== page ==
Dangerous Leaders
How and Why Lawyers Must Be Taught to Lead
Anthony C. Thompson



Piloting the Boat by Looking at the Wake

Leadership Challenges for the Legal Profession

LAWYERS ARE LIKELY TO BE LEADERS. Of the forty-five American presidents, twenty-four have been lawyers.1 In the 114th Congress, members with law degrees held 53 of the Senate’s 100 seats and 160 of the 435 seats in the House of Representatives.2 The list of Fortune 500 companies in 2012 boasted forty-six lawyers serving as CEOs.3 If we add to that inventory state legislators, cabinet members on the state and local level, city council members, and mayors, the total number of lawyer-leaders skyrockets. Lawyers also occupy key leadership roles in industries that perhaps are somewhat less expected: technology,4 media,5 pharmaceutical,6 and toys,7 to name just a few. They run nonprofit organizations and philanthropic foundations. Lawyer-leaders are tapped to play key roles in virtually every industry and sector. While all law schools pay lip service to their commitment to preparing law students to become the next generation of leaders, the disturbing reality is that law schools more often than not fail even to offer courses on leadership or to surface leadership concepts and dilemmas in the standard curriculum. Given their likely positions, lawyer-leaders will need to develop and exercise the skills and behaviors that will enable them to perform successfully in a leadership role. In addition to understanding the law, they will need to be more self-aware, more comfortable with ambiguity, and more globally fluent than any who have preceded them. The good news is that these skills will not only make them better leaders but will also make them better lawyers.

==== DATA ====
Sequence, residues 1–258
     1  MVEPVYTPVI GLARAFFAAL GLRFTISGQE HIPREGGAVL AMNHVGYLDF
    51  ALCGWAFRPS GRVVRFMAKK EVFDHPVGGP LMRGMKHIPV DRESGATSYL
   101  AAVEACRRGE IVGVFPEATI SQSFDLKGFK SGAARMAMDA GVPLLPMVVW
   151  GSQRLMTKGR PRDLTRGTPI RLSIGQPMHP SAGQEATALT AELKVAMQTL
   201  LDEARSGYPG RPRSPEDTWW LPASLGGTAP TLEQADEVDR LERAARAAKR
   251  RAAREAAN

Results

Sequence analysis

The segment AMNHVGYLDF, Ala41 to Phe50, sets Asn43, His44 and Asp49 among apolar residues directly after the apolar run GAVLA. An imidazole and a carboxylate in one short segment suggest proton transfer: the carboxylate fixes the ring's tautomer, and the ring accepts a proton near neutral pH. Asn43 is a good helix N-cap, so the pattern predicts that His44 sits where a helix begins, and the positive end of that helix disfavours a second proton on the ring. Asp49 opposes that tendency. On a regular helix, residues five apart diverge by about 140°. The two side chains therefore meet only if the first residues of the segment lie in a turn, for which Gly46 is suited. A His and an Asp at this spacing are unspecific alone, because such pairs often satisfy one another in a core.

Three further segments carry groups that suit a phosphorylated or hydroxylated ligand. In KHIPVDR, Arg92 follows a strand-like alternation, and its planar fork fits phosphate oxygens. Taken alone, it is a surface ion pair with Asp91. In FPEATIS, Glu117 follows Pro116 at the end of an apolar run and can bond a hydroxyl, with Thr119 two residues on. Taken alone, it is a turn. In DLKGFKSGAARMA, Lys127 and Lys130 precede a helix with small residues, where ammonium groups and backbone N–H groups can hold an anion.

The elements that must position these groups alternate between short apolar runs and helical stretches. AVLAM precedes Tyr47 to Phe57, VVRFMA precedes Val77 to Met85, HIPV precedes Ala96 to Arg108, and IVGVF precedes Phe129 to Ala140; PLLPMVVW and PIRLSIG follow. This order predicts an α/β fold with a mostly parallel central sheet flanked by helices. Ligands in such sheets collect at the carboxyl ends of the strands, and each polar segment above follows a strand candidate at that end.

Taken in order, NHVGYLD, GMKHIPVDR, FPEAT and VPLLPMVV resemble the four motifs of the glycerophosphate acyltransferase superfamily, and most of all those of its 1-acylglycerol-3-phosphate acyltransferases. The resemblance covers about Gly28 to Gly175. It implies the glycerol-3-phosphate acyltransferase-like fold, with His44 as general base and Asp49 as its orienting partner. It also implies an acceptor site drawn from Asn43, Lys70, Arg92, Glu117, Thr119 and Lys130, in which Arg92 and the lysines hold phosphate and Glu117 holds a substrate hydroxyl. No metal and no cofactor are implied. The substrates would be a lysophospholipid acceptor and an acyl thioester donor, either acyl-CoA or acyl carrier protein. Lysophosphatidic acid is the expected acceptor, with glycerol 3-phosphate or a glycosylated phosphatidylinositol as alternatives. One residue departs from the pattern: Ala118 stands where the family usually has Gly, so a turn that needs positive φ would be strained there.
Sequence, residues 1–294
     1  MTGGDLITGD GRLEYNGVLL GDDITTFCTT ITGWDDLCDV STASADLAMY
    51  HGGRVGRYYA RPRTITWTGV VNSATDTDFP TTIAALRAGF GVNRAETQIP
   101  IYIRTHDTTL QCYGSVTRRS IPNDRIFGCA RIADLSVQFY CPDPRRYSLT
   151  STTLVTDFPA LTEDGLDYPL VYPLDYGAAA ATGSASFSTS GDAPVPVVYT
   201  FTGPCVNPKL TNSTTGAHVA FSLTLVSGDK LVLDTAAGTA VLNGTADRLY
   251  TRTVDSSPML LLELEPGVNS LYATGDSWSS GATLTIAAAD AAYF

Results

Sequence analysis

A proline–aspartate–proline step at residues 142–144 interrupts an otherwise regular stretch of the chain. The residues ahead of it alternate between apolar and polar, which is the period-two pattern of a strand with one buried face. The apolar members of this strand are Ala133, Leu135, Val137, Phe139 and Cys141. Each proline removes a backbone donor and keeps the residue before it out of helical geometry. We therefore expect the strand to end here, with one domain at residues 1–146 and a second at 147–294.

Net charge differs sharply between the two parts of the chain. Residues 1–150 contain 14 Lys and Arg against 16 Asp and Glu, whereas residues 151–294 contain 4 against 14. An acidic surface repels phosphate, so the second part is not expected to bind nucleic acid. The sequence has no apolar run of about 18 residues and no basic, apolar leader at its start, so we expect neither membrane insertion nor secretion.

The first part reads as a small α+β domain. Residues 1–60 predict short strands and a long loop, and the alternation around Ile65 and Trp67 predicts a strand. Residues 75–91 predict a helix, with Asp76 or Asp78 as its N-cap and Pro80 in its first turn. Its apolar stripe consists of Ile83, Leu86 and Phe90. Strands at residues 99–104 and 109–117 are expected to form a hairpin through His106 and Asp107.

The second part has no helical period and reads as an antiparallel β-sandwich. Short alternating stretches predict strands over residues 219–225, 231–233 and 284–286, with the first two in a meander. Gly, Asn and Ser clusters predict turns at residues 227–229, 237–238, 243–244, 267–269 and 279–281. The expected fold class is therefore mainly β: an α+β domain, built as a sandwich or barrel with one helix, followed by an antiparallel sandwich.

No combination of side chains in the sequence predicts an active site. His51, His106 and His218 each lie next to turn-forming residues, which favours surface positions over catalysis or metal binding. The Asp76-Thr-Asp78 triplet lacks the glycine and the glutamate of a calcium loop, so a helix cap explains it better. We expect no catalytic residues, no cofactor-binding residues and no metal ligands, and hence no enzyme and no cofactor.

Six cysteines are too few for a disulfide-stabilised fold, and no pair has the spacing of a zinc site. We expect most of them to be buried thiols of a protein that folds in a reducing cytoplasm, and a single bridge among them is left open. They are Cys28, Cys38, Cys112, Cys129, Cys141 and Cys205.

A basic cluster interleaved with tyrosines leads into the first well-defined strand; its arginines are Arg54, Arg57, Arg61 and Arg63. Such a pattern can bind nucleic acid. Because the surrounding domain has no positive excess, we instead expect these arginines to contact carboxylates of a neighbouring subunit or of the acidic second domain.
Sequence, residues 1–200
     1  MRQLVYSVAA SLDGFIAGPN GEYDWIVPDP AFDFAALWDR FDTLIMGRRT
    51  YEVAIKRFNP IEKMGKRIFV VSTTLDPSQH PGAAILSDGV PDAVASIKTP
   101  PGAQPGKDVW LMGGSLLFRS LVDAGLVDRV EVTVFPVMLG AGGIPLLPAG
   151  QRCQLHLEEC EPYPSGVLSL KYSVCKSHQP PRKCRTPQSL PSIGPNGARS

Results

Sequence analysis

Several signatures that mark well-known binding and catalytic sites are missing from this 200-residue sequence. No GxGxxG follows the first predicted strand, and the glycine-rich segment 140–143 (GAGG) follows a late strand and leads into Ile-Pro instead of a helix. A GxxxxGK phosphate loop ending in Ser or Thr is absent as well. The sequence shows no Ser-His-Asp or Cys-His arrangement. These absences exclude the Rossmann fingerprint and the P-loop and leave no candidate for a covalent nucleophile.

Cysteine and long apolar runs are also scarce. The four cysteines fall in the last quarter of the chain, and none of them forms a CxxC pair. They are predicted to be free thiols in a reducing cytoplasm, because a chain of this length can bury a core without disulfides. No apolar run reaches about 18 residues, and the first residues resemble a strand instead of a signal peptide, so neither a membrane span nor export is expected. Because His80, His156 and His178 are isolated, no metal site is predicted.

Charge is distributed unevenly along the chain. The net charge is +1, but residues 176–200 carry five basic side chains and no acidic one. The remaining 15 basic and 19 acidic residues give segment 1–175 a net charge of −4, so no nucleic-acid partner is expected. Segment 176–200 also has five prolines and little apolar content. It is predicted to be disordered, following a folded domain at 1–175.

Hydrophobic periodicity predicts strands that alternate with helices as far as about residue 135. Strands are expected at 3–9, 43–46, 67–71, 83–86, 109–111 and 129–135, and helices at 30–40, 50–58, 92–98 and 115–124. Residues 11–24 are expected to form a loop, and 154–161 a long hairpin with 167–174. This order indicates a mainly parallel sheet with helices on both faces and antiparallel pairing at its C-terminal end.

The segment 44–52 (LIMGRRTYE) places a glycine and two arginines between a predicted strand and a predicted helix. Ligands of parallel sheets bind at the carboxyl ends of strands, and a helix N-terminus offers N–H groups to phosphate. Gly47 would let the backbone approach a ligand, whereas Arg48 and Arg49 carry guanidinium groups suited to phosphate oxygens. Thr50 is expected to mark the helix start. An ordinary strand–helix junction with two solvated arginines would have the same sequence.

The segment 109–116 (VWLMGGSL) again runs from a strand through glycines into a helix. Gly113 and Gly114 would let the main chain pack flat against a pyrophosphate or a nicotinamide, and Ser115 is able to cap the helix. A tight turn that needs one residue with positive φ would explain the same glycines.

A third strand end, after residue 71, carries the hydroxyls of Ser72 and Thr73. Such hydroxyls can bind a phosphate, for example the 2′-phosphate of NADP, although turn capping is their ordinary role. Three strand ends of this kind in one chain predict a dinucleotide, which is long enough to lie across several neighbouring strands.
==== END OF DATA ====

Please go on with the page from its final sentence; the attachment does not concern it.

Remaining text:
More must be done even before the lawyer-leader enters practice. When I first proposed specifically teaching leadership skills to law students, my colleagues in the academy were quick to raise objections. Some of the responses were rather predictable: “Won’t the students be too immature to internalize these types of lessons?” “Will they have been exposed to enough practical considerations to make sense of leadership lessons?” “They probably won’t hold leadership roles for a long time, so how will this be helpful early in their careers?” I pointed out that leadership skills were like any other skill set—if practiced, they improve. Taking the conversation further, I mentioned the difference between leadership and authority; many colleagues responded with blank stares. I drew quizzical looks when I insisted that law students could—and should—begin to exercise leadership before leaving law school since, soon after graduation, many law students will begin making significant decisions affecting clients’ lives and businesses. One colleague quipped, “Leadership? I thought that people joined the military to learn leadership.”

For the most part, law professor colleagues were unclear what leadership was, why it made any sense for law students to study it, and why anyone would want to teach such a subject. The questions were part of the overall rigidity of the structure of legal education. American legal education has remained remarkably unchanged since it first took modern form in the 1870s.8 It has carried with it a correspondingly stable body of critiques,9 centering on the need to prepare law students better for legal practice and the need to introduce perspectives in the study of law that might shape the law but were too often ignored by the law. For example, scholars criticized the legal academy for failing to expose law students to the critical intersection of race, gender, power, and the law as a means of understanding how the law is developed and applied.